What Grieving People Wish You Knew by Nancy Guthrie, Free for CAPC Members
Nancy Guthrie’s overwhelming message in What Grieving People Wish You Knew is to enter into the awkwardness and difficulty of loving grieving people.
By now I’m sure you’ve all heard that a man was trampled to death at Wal-Mart while opening the doors for “Black Friday.” It’s a sad testimony to the greedy, self-absorbed culture that American consumerism (combined with total depravity) has created. How a mass of people can continue to walk over an actual human being lying on the ground is mind boggling to me, and then to find out that they have, by their combined efforts, killed this man is an outrage. Of course I can’t help but wonder how this will affect Black Friday.
Will the stamping to death of a human being tarnish this “Black” day? One can only hope that it will compel department stores to think differently about how they participate in the holiday. Some are already suggesting that such re-thinking will happen, and I can imagine that there will be some new safe guards that stores put in place for their employees, but in a world where the almighty dollar rules you can imagine that not much will change.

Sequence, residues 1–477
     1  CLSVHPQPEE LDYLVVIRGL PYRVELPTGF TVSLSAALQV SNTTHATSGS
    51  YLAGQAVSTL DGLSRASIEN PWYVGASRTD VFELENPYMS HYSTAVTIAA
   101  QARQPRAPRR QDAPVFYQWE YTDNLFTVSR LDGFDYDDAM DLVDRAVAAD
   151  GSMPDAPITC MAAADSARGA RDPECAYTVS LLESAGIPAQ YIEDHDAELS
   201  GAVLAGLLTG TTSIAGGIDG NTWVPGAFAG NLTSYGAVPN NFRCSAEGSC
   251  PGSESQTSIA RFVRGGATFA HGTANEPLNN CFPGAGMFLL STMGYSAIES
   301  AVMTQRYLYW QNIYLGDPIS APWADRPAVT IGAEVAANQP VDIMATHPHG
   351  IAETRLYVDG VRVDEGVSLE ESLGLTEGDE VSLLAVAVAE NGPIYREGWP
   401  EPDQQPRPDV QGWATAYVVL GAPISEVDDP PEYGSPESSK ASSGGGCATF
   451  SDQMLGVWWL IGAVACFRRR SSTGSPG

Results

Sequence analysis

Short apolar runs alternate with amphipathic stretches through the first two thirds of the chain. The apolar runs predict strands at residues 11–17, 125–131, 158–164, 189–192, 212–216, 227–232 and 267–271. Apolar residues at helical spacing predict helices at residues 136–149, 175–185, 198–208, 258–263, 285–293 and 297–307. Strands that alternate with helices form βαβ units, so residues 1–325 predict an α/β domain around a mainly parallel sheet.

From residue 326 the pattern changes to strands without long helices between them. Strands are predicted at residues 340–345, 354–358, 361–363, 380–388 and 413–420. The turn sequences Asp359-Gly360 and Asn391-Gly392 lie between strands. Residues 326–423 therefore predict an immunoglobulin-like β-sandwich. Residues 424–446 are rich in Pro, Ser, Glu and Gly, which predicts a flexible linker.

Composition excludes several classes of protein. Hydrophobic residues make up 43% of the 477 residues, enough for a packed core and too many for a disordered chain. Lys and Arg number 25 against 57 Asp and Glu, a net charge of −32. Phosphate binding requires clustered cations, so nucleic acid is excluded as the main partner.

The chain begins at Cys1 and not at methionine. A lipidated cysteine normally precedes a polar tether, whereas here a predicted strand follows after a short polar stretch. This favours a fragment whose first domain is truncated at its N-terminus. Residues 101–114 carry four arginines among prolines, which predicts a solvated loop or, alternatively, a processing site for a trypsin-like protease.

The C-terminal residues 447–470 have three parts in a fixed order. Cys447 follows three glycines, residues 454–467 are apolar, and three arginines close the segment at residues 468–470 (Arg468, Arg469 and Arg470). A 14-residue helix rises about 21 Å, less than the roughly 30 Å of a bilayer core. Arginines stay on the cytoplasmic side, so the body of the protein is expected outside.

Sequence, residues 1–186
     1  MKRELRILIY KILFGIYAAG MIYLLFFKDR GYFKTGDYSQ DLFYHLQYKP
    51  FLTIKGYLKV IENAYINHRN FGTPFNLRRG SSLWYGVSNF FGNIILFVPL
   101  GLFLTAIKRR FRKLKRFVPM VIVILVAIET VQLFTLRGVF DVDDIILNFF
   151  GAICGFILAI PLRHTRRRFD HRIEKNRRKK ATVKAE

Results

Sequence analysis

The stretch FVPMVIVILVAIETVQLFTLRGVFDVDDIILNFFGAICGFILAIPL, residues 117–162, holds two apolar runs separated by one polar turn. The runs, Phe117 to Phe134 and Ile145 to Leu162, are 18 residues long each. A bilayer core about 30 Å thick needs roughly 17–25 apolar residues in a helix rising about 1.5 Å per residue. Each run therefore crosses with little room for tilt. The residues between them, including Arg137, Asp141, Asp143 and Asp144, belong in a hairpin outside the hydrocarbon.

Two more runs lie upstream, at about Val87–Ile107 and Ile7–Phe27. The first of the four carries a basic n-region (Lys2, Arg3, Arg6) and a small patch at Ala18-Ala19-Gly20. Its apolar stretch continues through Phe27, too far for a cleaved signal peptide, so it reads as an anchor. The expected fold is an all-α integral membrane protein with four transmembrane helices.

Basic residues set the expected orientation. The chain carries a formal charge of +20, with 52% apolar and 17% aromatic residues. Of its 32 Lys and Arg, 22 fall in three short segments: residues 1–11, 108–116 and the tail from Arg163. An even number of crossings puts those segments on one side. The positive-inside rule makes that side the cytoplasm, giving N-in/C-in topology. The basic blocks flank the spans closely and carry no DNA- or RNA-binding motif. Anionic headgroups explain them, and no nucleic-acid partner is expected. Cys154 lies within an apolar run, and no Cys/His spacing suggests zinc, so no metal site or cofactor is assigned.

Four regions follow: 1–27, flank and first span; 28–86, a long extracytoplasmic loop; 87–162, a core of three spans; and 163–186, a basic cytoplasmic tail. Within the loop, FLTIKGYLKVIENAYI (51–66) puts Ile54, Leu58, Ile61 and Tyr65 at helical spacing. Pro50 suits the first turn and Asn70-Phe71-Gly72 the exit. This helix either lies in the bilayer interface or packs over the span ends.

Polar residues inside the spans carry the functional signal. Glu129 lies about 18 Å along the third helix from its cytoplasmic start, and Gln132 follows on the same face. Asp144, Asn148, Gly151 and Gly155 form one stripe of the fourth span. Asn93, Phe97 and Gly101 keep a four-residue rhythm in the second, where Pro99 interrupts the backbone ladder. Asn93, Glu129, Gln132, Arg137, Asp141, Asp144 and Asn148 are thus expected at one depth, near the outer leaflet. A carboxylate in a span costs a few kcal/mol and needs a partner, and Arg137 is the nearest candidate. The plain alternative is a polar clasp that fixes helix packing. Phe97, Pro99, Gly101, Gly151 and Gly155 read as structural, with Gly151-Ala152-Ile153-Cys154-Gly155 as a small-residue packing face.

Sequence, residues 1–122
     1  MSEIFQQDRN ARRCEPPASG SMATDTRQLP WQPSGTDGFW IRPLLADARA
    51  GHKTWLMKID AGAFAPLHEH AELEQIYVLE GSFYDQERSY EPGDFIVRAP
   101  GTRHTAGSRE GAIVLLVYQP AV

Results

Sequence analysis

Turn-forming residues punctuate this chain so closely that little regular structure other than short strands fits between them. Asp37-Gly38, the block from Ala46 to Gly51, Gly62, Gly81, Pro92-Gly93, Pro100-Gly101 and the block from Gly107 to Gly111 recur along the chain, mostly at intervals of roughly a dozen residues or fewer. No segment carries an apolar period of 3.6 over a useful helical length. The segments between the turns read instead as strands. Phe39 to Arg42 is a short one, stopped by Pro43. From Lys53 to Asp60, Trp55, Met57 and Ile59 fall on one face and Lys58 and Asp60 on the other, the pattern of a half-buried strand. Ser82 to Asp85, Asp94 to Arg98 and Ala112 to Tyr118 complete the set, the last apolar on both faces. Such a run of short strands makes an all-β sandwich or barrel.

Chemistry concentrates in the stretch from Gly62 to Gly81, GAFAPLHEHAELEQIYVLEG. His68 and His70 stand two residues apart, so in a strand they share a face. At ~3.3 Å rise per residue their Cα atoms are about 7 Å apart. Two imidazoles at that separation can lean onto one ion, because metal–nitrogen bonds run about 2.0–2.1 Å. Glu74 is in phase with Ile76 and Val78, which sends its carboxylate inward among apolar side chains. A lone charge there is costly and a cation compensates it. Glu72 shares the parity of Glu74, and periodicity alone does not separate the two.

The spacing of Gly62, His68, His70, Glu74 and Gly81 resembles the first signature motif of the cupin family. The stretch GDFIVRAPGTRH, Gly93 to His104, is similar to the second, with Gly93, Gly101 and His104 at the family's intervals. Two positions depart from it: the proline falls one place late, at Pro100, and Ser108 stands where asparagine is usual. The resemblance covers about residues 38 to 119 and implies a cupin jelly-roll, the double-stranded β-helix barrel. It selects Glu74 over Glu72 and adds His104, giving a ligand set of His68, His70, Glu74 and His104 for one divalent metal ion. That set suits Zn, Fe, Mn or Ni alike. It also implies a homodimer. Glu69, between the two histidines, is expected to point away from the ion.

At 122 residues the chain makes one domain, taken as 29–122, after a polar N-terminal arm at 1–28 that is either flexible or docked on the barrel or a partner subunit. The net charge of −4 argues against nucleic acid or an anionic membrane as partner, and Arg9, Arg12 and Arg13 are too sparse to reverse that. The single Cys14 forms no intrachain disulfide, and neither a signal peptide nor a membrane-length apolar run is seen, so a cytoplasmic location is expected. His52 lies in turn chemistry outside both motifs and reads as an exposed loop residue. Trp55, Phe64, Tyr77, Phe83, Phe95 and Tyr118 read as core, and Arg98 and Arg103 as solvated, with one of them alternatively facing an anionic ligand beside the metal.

Black Friday is so necessary for many stores to stay out of the “red” that they will resist hampering the masses from storming their doors. Anything that may add to a decline of shoppers will be avoided like the plague. A little more blackened or not, I don’t suspect much will change in terms of Black Friday.
But as Christians we must think carefully about our part. I would love to say that were I one of those in the materialistic hungry stampede I would have bent to pick up this poor beaten down man, but I can see myself trying to jump over him (because of course this is better than stomping on him, right?) while I raced to get some new iPod gadget. I need to be careful that my judgment of these Wal-Mart stompers isn’t self-righteous. I am, because of my sin, all too likely to knock someone over on my way to grab a rare book off the store shelves. We are all sinners, capable of all sorts of sins, and we must beware of a self-righteousness that says I am obviously better than them. Jesus warns us well of such things!
So if you participate next year in this tarnished Black Friday you should beware of your judgments, and, perhaps even more significantly, beware of what you step on.
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